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Four strategies to stay ahead

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The detail of international expansion always has to be worked on, for every one of the European Economic Area’s leading retailers (plus Switzerland). Offers and approaches that work in one country can be transplanted to another – but will need refining to be effective. Real innovation is also constantly coming through, and effective roll-out is challenging. Here Christian Annesley picks out 12 approaches that impressed us this year – some offering pointers to the future and some that are having an impact now

1. Reimagine the store – part one

The in-store customer experience is more important than ever, and stores need to be more than just places to transact. So some of the most innovative and compelling stores are making digital a core part of the store experience. Where Burberry, among others, led more than five years ago with its flagship Regent Street store closing the gap between the brand’s physical and digital worlds, others are now following with a range of moves. 

The Spanish fast fashion retailer Zara’s recent use of augmented reality (AR) on its app to enable in-store shoppers to see the clothes they are examining ‘come to life’ is one example, as is its piloting of dedicated click and collect spaces, and its use of technology to help recommend items to customers with information screens embedded into mirrors triggered by RFID.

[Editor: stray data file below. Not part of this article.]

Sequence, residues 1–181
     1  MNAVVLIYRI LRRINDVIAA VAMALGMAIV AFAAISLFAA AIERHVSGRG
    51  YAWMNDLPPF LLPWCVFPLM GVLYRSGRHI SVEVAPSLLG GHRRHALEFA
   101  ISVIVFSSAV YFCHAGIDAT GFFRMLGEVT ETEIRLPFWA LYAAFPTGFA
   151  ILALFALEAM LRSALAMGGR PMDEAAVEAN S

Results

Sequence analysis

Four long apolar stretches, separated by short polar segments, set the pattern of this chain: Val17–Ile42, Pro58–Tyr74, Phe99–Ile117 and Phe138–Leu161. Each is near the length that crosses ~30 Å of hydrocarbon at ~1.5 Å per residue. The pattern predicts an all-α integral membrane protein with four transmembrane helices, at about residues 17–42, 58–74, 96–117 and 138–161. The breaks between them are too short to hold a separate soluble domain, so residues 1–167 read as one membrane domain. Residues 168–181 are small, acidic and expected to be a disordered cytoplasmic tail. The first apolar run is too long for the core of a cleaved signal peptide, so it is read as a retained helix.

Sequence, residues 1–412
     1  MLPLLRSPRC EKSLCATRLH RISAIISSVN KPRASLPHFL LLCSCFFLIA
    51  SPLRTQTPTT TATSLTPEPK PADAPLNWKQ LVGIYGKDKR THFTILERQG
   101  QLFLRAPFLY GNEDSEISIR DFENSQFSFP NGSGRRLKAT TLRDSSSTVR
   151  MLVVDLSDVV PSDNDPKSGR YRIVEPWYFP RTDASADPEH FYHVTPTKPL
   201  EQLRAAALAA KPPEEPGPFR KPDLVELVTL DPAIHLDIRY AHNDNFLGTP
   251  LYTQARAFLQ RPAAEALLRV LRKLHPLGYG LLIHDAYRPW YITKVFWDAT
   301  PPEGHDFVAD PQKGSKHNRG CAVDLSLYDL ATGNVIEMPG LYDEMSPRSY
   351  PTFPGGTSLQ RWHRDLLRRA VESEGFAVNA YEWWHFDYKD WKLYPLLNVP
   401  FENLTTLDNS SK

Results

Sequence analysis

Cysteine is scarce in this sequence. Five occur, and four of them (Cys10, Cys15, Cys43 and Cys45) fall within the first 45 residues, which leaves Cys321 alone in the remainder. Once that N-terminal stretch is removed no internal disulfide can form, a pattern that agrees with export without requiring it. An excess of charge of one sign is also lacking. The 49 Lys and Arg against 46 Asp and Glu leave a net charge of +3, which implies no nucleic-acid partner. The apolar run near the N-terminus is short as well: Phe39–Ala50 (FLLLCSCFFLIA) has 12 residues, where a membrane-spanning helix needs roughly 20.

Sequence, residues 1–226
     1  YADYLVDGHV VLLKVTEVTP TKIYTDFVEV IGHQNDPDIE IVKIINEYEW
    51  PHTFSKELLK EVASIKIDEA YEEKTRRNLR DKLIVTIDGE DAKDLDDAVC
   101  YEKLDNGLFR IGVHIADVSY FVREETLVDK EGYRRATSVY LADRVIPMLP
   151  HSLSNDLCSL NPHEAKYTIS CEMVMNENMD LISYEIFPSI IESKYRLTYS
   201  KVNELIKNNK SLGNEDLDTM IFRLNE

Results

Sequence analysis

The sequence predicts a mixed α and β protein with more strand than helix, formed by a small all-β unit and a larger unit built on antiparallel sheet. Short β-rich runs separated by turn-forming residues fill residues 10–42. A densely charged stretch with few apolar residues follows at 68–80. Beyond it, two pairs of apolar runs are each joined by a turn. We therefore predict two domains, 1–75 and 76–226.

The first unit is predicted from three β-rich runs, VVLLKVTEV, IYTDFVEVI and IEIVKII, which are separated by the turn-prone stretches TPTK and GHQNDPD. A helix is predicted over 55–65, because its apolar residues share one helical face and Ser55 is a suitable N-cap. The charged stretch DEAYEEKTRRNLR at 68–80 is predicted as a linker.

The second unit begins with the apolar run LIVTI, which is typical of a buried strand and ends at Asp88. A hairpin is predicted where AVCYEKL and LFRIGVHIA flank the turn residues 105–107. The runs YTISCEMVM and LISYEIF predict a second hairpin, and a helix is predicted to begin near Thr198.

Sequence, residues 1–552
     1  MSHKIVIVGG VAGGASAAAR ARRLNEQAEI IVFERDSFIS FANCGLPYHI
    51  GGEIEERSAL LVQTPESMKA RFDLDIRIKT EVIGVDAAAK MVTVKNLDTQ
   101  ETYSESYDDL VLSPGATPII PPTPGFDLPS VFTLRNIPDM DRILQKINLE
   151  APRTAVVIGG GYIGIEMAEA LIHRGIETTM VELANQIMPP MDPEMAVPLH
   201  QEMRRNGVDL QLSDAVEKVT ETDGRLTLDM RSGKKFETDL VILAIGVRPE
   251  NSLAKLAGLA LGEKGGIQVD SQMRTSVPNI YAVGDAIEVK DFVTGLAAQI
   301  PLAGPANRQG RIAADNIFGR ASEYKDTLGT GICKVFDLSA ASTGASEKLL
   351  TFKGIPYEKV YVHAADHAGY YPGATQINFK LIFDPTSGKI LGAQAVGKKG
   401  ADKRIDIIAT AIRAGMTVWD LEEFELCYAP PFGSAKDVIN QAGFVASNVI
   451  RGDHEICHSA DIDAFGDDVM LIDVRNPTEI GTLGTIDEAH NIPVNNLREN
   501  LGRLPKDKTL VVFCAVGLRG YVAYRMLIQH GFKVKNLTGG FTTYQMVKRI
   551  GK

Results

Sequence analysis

Less dramatically but very effectively, we also see a retailer such as Halfords embracing the role of the store in omnichannel retail, with 85% of online orders still picked up in store, which drives its burgeoning services offer for customers. 

2. Reimagine the store – part two 

Smarter use of the store environment takes us, ultimately, to Amazon’s re-imagined – and now open and functioning – store, Amazon Go. There’s still just the one, after teething problems, in Seattle, where Amazon’s HQ is, but it points us in a direction that others will soon travel in more incremental ways.

The Amazon Go ‘just walk out’ technology does away with the need for checkouts and can in theory enable unstaffed stores. Shoppers download the Amazon Go app on their smartphones, scan the QR code outside the store to alert the app that they’re about to start shopping, and dive in. Clever sensors track which items customers take off shelves and put into their carts. Once shoppers are done, they just walk out the door and the sensors automatically charge their Amazon accounts.

This kind of connected retail experience is possible thanks to the power of Amazon’s online profile and consumers’ ability to pay directly from its apps, but it really isn’t far away for many retail brands with loyalty apps and loyal online audiences.

3. Embrace mobile and the app

Apps are starting to dominate retail sales in the mobile space, and retailers need to understand the power of this trend. For many retailers, mobile traffic already equals or exceeds desktop traffic – but in the final quarter of 2017 mobile sales also represented the majority of total ecommerce for those with successful apps.